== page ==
“Too Late” is a film about private investigator Mel Sampson (Academy Award nominee John Hawkes, “Winter’s Bone,” “The Sessions”) is tasked with tracking down the whereabouts of a missing woman from his past. “Too Late” takes the spine of the classic private eye genre and tears it to pieces, weaving it back together into a tapestry of Southern California and the menagerie of eccentric personalities and lost souls who inhabit it.
On Wednesday, the film played before a packed audience at Landmark Midtown Art Cinema. The film was shot in five 20 minute continuous takes on 35mm film. Writer/Director Dennis Hauck did a Q&A after the screening with the audience. I had the good fortune to talk with Dennis after the event.
Mike: What was your inspiration for this film?
Dennis: It wasn’t just one thing but a lot of things coming together at once. It’s based in some part on some personal stuff that I was going through at the time, and that filters into John Hawkes character. On a technical note, it was the crazy idea of doing a film with really long, extended takes on 35mm film. It’s nothing I had ever done before or even seen done in a movie. I thought it would be an interesting way to make a movie. It’s was also just wanting to work with John Hawkes, who is one of the greatest actors we have. I wanted to write something for him that I hoped he would do. I was also going through a phase of reading a lot of old “private investigator” novels from writers like Raymond Chandler and Ross Macdonald. I thought that John would be a great modern day incarnation of that kind of iconic character.
How did you get John Hawkes to do your film? That’s quite a “get” for your first feature film!
Dennis: Yeah, it was, and it wasn’t easy. John takes his time deciding on whether to do something or not. I think that’s why everything he does is great because he really does take his time selecting his roles. He doesn’t care about money, and I know that because while he was deciding on taking this role, he was turning down projects that would have paid him our entire budget. He just wants to do films that he finds interesting. It was a long drawn out process where he would read the script and then we would sit down at lunch or over drinks and he would have a whole notebook of questions about the film. I would answer his questions, and he would nod and tell me, let me read it one more time. He would read it again, and we would meet for me to answer more of his questions about his character and the plot. We did this dance like five or six times before agreeing to do the project.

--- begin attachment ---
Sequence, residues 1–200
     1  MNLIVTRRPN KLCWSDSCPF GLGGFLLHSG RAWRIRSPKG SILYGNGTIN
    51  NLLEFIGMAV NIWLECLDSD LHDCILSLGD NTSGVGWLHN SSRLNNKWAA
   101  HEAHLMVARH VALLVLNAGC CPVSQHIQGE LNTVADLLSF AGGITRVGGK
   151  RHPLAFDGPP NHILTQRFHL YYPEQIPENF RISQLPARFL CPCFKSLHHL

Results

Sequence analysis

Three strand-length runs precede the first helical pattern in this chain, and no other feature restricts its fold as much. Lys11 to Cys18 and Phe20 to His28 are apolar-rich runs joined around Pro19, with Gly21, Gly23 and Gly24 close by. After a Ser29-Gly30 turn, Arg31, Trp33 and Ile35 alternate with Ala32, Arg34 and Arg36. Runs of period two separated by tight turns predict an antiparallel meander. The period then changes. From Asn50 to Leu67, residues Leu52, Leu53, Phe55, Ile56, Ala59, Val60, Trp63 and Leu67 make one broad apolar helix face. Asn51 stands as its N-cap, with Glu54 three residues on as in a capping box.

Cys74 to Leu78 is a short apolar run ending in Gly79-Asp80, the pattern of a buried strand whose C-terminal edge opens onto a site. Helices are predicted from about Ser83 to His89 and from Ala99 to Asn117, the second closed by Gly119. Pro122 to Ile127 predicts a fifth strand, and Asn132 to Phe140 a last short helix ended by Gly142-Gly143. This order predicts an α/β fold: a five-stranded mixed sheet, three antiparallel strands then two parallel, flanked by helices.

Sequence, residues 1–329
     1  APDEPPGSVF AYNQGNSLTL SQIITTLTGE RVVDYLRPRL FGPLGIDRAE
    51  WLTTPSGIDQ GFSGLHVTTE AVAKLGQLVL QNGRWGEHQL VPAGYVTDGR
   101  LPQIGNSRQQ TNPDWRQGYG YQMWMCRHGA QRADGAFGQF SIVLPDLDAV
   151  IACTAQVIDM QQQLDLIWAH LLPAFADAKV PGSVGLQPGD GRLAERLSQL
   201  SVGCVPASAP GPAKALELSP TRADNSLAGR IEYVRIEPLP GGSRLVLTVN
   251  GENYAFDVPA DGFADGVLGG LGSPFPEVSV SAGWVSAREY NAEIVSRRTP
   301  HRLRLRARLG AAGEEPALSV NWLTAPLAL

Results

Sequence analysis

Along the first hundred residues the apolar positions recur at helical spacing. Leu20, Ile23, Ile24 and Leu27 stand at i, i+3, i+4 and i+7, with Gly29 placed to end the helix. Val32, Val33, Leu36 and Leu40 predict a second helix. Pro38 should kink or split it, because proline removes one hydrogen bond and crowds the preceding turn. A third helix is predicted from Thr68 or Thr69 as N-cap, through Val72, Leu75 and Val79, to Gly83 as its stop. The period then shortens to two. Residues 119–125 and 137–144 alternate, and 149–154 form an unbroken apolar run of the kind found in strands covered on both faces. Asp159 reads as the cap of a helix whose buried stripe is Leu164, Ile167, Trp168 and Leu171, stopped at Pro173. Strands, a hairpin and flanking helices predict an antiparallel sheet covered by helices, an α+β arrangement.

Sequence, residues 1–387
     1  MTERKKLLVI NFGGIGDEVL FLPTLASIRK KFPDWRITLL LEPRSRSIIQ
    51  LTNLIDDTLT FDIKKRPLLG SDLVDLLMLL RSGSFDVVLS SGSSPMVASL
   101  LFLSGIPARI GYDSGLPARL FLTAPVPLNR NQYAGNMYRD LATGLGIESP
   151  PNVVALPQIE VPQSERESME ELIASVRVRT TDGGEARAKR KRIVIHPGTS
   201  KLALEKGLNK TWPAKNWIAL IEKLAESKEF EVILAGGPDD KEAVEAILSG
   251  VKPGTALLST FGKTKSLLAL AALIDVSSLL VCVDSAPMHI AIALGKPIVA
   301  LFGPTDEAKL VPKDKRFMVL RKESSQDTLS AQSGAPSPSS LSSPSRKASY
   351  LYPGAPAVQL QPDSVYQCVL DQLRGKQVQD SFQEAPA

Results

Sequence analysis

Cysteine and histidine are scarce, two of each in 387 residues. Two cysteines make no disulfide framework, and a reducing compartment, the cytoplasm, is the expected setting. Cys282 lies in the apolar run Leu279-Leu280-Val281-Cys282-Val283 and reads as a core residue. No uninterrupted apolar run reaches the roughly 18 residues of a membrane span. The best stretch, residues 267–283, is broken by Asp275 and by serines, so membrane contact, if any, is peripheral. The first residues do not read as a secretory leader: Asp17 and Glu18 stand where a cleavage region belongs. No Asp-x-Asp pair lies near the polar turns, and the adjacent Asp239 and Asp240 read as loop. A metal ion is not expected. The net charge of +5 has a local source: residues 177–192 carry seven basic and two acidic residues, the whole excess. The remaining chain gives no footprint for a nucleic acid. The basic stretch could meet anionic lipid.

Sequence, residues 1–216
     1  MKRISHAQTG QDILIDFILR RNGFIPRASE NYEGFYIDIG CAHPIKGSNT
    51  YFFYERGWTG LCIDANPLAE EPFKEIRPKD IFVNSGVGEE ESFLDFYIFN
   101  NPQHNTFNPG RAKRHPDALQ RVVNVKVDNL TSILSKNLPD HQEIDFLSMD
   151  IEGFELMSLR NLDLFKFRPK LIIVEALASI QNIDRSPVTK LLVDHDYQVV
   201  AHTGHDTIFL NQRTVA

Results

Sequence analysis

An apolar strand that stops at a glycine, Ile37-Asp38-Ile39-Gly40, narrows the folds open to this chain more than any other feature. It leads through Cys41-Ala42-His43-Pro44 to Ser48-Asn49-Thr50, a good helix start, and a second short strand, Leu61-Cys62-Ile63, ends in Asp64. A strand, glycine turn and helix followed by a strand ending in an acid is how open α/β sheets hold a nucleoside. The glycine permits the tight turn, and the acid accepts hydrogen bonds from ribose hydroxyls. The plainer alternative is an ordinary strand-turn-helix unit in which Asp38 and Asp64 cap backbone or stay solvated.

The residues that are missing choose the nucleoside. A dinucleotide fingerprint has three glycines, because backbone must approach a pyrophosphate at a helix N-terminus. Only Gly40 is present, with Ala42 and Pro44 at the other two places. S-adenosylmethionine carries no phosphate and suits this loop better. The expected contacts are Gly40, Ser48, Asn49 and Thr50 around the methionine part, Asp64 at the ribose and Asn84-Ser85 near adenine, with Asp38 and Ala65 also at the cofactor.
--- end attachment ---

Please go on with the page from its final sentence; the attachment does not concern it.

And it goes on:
What really sets this film apart from other films is its five long takes. Talk about shooting this film and how you were able to do 20-minute continuous takes, instead of the standard 10 to 11 minute takes.
Dennis: The only reason we were able to do that is that while we shot it on 35mm film, we shot it in a format called Techniscope. With a typical format for 35mm film, you can get about 11 minutes of shooting on a roll. With this format, you can get around 22 minutes on a roll due to the frame size is a little smaller. The downside is that it is a little grainier when projected, but the upside is that you can get more minutes out of a roll of film. This is a format that was invented in Italy in the 1960’s by the Italian Technicolor group. It was used for a lot of the “Spaghetti Westerns” of the seventies and then it sort of died out. When I found out about this unique feature of the Techniscope process, I knew that no one had done a 35mm film where each section was one long, continuous take for 20 minutes.
Music is critical in this film; whether the characters are listening to it or its just part of the background of the movie.